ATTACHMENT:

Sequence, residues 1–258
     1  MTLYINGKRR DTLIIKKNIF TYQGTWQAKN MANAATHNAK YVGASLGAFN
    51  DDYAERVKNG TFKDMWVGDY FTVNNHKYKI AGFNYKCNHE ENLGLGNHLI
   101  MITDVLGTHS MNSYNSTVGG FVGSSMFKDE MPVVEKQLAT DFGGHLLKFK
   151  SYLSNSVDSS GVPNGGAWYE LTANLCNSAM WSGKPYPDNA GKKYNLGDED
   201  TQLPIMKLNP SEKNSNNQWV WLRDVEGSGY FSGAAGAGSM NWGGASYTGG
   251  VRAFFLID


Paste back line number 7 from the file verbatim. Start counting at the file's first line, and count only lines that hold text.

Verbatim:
   251  VRAFFLID